Comedians in Cars Getting Coffee review: Jerry Seinfeld's show, now on Netflix, is a bittersweet offering
Jerry Seinfeld likes to joke that his legendary TV series Seinfeld was essentially "a show about nothing". Even those who are familiar in passing with the show know that in fact, the exact opposite is true. Seinfeld was a show about everything. Every aspect of life. All the minutiae. Manners, expectations, society, dating, friendship: Nothing was left unexamined or deconstructed by the deeply analytical minds of Seinfeld (and co-creator Larry David).
Comedians in Cars Getting Coffee on the other hand, comes pretty close to being a show about nothing. Seinfeld, who debuted this web series on Crackle, left for the warm embrace of Netflix (and reportedly signed a $100 million dollar with the streaming behemoth). While Seinfeld has been rather hit-and-miss since he wrapped up his famous show (the disastrous The Marriage Ref and the sweet Bee Movie) come to mind, Comedians in Cars Getting Coffee seems to be the the perfect blend of all that Seinfeld seems to love.
The premise of the show is pretty simple: Seinfeld invites one of his many famous Hollywood comedian friends (with notable exceptions such as Barack Obama, Christoph Waltz, Sarah Jessica Parker and Howard Stern) to step out with him for a cup of coffee. Seinfeld, a car buff, takes the opportunity at the start of each webisode to introduce a different classic ride to his viewers, picking one which in some ways mirrors his choice of guest. This is by far the most lacklustre part of the show, although it is good for a laugh or two, especially when a guest is introduced to a particularly shabby and dilapidated car and Seinfeld has to explain his thought process.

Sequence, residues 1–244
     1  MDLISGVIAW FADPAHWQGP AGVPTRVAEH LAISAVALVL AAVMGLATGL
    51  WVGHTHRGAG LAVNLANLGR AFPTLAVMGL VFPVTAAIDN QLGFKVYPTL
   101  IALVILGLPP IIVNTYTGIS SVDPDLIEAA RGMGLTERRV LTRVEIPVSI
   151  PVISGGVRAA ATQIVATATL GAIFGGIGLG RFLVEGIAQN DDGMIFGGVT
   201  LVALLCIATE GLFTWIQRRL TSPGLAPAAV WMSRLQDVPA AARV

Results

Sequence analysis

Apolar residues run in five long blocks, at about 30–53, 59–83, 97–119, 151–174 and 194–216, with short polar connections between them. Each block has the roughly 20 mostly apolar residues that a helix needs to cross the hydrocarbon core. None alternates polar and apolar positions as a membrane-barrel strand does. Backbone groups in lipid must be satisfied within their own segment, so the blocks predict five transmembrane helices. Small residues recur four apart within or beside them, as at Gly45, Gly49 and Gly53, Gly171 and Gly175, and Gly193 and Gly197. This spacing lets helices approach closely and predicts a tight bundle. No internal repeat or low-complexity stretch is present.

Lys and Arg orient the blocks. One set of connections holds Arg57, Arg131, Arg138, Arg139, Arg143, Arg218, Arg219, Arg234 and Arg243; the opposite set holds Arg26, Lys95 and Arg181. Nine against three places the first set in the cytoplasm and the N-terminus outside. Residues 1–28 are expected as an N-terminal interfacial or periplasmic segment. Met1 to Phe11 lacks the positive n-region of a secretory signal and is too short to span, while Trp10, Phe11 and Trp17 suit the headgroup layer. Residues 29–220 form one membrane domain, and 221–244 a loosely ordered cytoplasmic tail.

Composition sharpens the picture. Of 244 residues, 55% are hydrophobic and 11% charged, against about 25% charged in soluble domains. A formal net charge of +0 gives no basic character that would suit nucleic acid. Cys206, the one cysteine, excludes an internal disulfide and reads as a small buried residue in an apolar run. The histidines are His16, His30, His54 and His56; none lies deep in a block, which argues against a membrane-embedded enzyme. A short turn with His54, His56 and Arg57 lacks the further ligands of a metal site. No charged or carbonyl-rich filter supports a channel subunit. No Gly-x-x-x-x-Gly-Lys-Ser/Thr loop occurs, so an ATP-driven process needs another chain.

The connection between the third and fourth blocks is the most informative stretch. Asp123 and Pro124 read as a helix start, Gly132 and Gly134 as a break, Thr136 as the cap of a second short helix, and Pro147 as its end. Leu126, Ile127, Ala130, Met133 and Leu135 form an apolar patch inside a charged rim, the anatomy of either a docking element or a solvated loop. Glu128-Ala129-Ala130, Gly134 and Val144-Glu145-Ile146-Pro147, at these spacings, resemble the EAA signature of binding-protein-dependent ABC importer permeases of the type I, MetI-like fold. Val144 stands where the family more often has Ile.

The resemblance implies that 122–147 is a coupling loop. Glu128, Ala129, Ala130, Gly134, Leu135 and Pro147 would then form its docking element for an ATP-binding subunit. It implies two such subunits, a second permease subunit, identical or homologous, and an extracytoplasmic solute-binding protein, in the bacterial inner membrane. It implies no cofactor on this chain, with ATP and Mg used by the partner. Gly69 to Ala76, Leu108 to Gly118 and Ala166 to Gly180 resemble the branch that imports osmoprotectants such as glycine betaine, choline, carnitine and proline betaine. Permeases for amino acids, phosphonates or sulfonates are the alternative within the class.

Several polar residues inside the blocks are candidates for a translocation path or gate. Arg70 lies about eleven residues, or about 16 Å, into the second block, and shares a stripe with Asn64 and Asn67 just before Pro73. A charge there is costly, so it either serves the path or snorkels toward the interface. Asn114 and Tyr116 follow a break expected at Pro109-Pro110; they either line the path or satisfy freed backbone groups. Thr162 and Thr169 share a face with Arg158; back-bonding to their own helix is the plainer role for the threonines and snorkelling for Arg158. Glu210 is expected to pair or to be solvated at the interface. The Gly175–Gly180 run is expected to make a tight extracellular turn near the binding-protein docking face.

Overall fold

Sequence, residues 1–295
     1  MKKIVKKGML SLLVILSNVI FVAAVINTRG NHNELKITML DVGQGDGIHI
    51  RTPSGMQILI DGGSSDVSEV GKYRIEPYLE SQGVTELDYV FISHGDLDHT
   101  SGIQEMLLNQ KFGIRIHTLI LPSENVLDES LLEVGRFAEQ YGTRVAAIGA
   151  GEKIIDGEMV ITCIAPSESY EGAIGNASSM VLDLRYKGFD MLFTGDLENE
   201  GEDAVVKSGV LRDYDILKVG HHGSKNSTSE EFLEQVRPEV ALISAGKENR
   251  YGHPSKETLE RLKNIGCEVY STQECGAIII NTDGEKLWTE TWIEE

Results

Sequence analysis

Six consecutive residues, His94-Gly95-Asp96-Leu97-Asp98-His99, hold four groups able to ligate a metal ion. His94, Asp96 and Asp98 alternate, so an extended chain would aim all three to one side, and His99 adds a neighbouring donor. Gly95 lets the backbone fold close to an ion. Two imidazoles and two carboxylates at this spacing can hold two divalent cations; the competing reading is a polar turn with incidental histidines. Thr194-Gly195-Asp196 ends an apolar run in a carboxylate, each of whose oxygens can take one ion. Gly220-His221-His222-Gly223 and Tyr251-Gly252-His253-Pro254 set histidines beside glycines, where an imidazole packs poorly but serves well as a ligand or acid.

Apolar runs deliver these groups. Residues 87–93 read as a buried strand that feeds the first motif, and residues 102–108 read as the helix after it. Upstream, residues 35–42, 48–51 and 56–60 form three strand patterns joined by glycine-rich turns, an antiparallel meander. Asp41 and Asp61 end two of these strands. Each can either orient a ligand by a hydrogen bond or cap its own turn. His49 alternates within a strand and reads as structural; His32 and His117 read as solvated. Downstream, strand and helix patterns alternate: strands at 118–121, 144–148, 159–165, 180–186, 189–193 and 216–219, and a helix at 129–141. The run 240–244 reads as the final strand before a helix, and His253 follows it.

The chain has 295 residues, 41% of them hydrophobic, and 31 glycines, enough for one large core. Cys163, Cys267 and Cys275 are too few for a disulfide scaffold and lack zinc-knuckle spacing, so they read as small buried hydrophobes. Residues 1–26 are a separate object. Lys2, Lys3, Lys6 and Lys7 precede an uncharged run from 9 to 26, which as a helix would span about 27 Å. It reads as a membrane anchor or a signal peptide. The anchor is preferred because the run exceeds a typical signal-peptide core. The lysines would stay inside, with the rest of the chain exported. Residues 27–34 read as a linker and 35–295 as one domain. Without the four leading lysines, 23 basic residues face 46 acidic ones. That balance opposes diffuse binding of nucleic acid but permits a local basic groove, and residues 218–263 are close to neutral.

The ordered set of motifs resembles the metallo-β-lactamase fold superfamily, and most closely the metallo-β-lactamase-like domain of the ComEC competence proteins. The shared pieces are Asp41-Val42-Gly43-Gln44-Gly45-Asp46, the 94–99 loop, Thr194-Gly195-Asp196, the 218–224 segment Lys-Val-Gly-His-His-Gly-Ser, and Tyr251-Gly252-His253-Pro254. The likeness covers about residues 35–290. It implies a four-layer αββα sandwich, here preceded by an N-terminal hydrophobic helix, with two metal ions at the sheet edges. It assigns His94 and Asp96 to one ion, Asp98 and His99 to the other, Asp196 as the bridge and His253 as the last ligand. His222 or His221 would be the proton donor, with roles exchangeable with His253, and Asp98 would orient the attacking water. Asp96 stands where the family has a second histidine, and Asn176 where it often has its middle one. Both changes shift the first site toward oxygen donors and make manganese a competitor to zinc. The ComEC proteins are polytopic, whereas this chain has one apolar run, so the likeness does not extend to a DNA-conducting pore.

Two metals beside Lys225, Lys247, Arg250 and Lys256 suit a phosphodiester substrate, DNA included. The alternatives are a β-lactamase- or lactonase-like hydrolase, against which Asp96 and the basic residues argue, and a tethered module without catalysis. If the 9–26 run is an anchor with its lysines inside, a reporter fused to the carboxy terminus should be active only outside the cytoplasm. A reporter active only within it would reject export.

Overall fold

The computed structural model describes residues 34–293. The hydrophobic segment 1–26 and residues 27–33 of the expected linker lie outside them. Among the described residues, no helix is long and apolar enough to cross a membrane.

The show is shot with typical Hollywood slickness (fast cuts, hand-held cameras, extremely hummable background music that you forget the instant the show is over) — the original version on Crackle had annoying product placements that Seinfeld attempted to play off tongue in cheek by incessantly pointing it out — and Seinfeld has an easy familiarity with his guests, many of whom are peers. The episodes with Jon Stewart, Bill Maher, Jim Carrey, Jay Leno, David Letterman, Louis CK, and Seinfeld cohorts Julia Louis-Dreyfus, Michael Richards and Larry David are particularly delightful. Former president Barack Obama seems to be having an absolute blast.
Perhaps it's a function of his age (63) that Seinfeld seems to both admire and be a little bewildered by young upstarts such as Jon Oliver, Sarah Silverman, Patton Oswald, Jimmy Fallon and Trevor Noah. The conversation doesn't flow as well here, the silences are a tad more strained and he doesn't seem to be having as much fun. Ditto with the episode with Christoph Waltz, who seems awkward, out of place and on a completely different page than Seinfeld. However, it is with Hollywood legends such as Don Rickles, Robert Klein, Steve Martin, Garry Shandling, Carl Reiner and Mel Brooks that Seinfeld seems most comfortable, and even a little star struck.
The problem with this show is that it is, to borrow a cliche, a mile wide and an inch deep. You never really get into the nitty-gritties of comedy, discuss why something is funny, a comedian's function as a provocateur, truth-teller (especially in this age of Fake News), nor seem to ponder the absurdity of more and more people turning to comedy for the source of their news. Seinfeld seems more than happy to get together with his famous friends and shoot the s&$#. Perhaps he thought that would simply be enough. He was, at the most, half right. However, there's a fine line between leaving your audience wanting more and leaving them unsatisfied. Comedians in Cars Getting Coffee is a delicious little brew. If only it didn't leave such a bitter aftertaste.
Updated Date: Jan 26, 2018 17:15 PM